How has Target’s accessibility process evolved, and can you give us some background about the history of Target’s work in this space?
Laurie: In the past, a member of Target's accessibility team [pictured above] would review a final web page or feature just before it launched. That left little opportunity for actual change or input and, not surprisingly, we weren’t delivering for disabled guests as well as we should. To make a real difference, we changed this approach because we knew we needed accessibility to be a part of development from the earliest planning stages. We made it part of our overall process, and worked it into contracts with vendors.
Ryan: It’s been a remarkable journey, and we’re still making progress. It was 10 years ago now that Target was involved in litigation over our shortcomings in this area. We settled the NFB’s suit in 2008, and since then we have worked consistently with the NFB to build better digital experiences. That close working relationship led us to become part of the new SNAP program. And, as Laurie said, the process for how we work and how we think about accessibility from Day One has helped us become a leader in this space.
A Team Member’s Perspective: Ryan Strunk, Accessibility Lead
I recently went onto Target’s website and bought presents for my niece and nephew. I chose “Order Pickup” so I could pick the items up in store, and took them home with me to give to the kids. Everyone was happy.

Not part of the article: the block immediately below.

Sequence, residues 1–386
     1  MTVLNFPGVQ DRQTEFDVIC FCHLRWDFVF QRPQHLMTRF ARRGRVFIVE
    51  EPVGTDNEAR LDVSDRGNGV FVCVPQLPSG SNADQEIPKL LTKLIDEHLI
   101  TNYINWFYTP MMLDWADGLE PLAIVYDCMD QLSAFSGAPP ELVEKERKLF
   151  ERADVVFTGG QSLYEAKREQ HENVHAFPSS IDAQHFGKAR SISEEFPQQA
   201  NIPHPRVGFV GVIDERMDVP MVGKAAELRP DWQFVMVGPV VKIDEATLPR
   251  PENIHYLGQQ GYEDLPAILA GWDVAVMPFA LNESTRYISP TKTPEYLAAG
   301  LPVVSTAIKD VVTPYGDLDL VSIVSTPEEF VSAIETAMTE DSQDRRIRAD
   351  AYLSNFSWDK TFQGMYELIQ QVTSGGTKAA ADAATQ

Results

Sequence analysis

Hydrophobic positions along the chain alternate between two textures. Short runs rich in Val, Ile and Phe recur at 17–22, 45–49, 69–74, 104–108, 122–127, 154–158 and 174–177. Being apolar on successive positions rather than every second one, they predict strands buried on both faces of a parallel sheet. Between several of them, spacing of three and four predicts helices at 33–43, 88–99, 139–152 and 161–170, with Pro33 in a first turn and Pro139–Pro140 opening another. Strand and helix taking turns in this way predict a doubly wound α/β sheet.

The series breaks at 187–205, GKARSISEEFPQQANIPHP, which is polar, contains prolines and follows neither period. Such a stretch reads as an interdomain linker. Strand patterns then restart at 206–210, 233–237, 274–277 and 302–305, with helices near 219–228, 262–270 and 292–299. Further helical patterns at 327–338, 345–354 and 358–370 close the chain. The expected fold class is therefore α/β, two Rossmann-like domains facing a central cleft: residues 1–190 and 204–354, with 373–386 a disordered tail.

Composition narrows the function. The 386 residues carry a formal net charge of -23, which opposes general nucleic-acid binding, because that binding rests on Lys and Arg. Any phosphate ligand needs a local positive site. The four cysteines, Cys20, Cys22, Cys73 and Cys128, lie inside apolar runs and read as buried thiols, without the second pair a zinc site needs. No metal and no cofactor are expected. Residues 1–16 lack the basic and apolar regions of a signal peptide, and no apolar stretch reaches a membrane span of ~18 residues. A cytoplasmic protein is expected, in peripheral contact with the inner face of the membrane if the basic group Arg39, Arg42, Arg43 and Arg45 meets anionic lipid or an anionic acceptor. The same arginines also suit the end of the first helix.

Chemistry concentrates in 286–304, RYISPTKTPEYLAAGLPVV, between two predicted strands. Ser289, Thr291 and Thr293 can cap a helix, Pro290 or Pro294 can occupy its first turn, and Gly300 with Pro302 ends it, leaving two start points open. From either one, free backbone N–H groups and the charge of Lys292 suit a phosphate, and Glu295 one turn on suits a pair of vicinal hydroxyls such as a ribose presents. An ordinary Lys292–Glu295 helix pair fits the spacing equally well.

Smooth guest experiences like this are a testament to the work we do here at Target every day. But for me, a guest who has—incidentally—been blind since birth, this was something more. While companies are getting better about making online experiences available to people like me, I still come across too many that aren’t built for accessibility. I’m proud Target is working to change this.
According to the Centers for Disease Control and Prevention, one in five adults in America has a disability – that’s more than 50 million people. Historically, people with disabilities haven’t been on the cutting edge of technological advances. We either miss out on trends until mass-adoption and technology catches up, or we miss out altogether, and a certain website or digital service remains completely unusable to us. I want to live in a world where those barriers don’t exist for tens of millions of people thanks to conscious, accessible design.